Good­bye to the Allen key

Flat-pack fur­ni­ture that just clicks

Evening Standard - West End Final Extra - ES Homes and Property - - Front Page - Bar­bara Chan­dler

RENTERS re­joice. Ikea fur­ni­ture now has a wedge dowel that makes it quicker and eas­ier to as­sem­ble and take apart — without an Allen key in sight. The news comes as a three-part BBC 2 se­ries launched last night. Flat­pack Em­pire takes a be­hind-the-scenes look at the suc­cess of the Swedi­ish fur­ni­ture gi­ant, which opened its first UK store 30 years ago.

Ikea’s dowel looks like a tim­ber screw. Its milled, pre­ci­sion- cut grooves fit snugly into pre-drilled holes in, for ex­am­ple, the back of a table­top. It’s a click-fit sys­tem, so you don’t need any tools, and it is said to cut assem­bly times by 50 to 80 per cent.

It is al­ready be­ing used for the Eket small ta­ble, Regis­sör cab­i­nets and the

Lis­abo ta­ble and stool. Ar­riv­ing in April is Ikea’s ver­sa­tile Platsa click­to­gether wardrobe sys­tem.


The com­pany says the new joint means you can dis­man­tle fur­ni­ture eas­ily and re­assem­ble it some­where else. “Ev­ery­one from solo renters to fam­i­lies needs fur­ni­ture that is flex­i­ble and por­ta­ble,” says Ikea creative leader Jim Futcher.

Ikea also has a big­ger trick up its sleeve. Just ar­rived in store is an am­bi­tious sofa sys­tem called De­lak­tig — mean­ing “in­volve­ment” in Swedish — de­scribed as the com­pany’s “most chal­leng­ing yet”. De­signed with Lon­don’s Tom Dixon Stu­dio and 75 de­sign stu­dents, in a kit of 25 parts, it has an alu­minium frame and tubu­lar legs that click to­gether, with screws only to hold them rigid. You then click on what­ever parts you wish — back­rests, and/or side arms, small ta­bles, light­ing and so on.

Ba­sic De­lak­tig is af­ford­able, and supremely ver­sa­tile to suit change of use in a room. Prices start from £55 for an arm­rest to £405 for a three-seater “plat­form”.


In­dus­try ex­perts say the sav­ings made by flat-pack fur­ni­ture do not come from lower pro­duc­tion costs but by dra­mat­i­cally re­duc­ing the price of trans­port and ware­hous­ing.

“Peo­ple think flat pack means in­fe­rior fur­ni­ture,” says Matthew Long, se­nior fur­ni­ture and up­hol­stery de­signer for Habi­tat. “But qual­ity fur­ni­ture can also come in de­signs that are easy and quick to put to­gether and take apart.” His new light­weight Na­dia bed, priced £550, is hand­made from In­done­sian rat­tan and comes in four pieces that are held to­gether by sim­ple clips.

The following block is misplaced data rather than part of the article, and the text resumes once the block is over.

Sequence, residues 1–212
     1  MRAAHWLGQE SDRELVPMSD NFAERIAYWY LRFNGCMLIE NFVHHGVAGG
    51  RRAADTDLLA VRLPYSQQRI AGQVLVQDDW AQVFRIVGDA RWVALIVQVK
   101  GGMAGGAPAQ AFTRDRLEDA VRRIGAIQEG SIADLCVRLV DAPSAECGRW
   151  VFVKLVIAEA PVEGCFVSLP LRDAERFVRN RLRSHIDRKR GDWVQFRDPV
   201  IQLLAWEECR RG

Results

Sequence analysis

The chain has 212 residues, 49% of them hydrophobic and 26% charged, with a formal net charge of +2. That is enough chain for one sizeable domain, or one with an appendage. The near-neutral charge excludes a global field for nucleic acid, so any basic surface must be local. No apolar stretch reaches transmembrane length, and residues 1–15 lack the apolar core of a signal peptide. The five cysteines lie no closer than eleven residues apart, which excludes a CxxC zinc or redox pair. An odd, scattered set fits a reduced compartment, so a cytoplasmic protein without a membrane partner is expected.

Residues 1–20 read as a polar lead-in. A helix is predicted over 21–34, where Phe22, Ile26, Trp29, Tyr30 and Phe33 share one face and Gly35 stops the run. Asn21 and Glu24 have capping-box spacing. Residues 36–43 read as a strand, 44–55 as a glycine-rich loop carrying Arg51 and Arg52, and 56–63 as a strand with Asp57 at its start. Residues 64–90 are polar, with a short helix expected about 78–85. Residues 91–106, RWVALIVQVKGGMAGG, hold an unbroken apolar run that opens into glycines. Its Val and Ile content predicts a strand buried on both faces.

The Hold­ing Com­pany sells a chrome-framed stor­age sys­tem that is su­per-easy to as­sem­ble. Visit the­hold­ing­com­ From £35 at Ar­gos, find fab­ric wardrobes with can­vas rollup covers over slot-to­gether frames.

Or con­sider fur­ni­ture that folds flat for stor­age and trans­port. New on the mar­ket is FoldS­mart’s fold­ing wardrobe sys­tem, with a no-frills de­sign in sev­eral fin­ishes — visit folds­ uk. Pieces sim­ply un­fold with slot-in back and clip-on hinged doors, and can be as­sem­bled “in min­utes”, it is claimed. A sin­gle wardrobe unit 40cm wide costs £234. Fi­nally, the Muji fold­able light­weight oak ve­neer ta­ble is ar­riv­ing at the end of the month, in two sizes, £250 and £295. See for more.

Tak­ing the “flat” out of flat pack: Wool­wich-based RCA grad­u­ate Nick Raw­cliffe’s sculp­tural, er­gonomic Tu­pac chair costs £249 and comes in 18 parts, pre­ci­sion-milled from birch ply, that sim­ply slot to­gether and can be taken apart eas­ily. Other pieces...

No sweat: left, the two-seater Juno mod­u­lar sofa, priced £649, is easy to move around and ar­rives with you fully as­sem­bled. Ex­tra pieces cost £229-£249. From

Smart stor­age: fold-flat wardrobes sim­ply un­fold in situ. From £234 (folds­; 020 7043 2199). Match­ing pieces avail­able

Click fit: Ikea’s new wedge dowel, said to cut assem­bly time by 50-80 per cent

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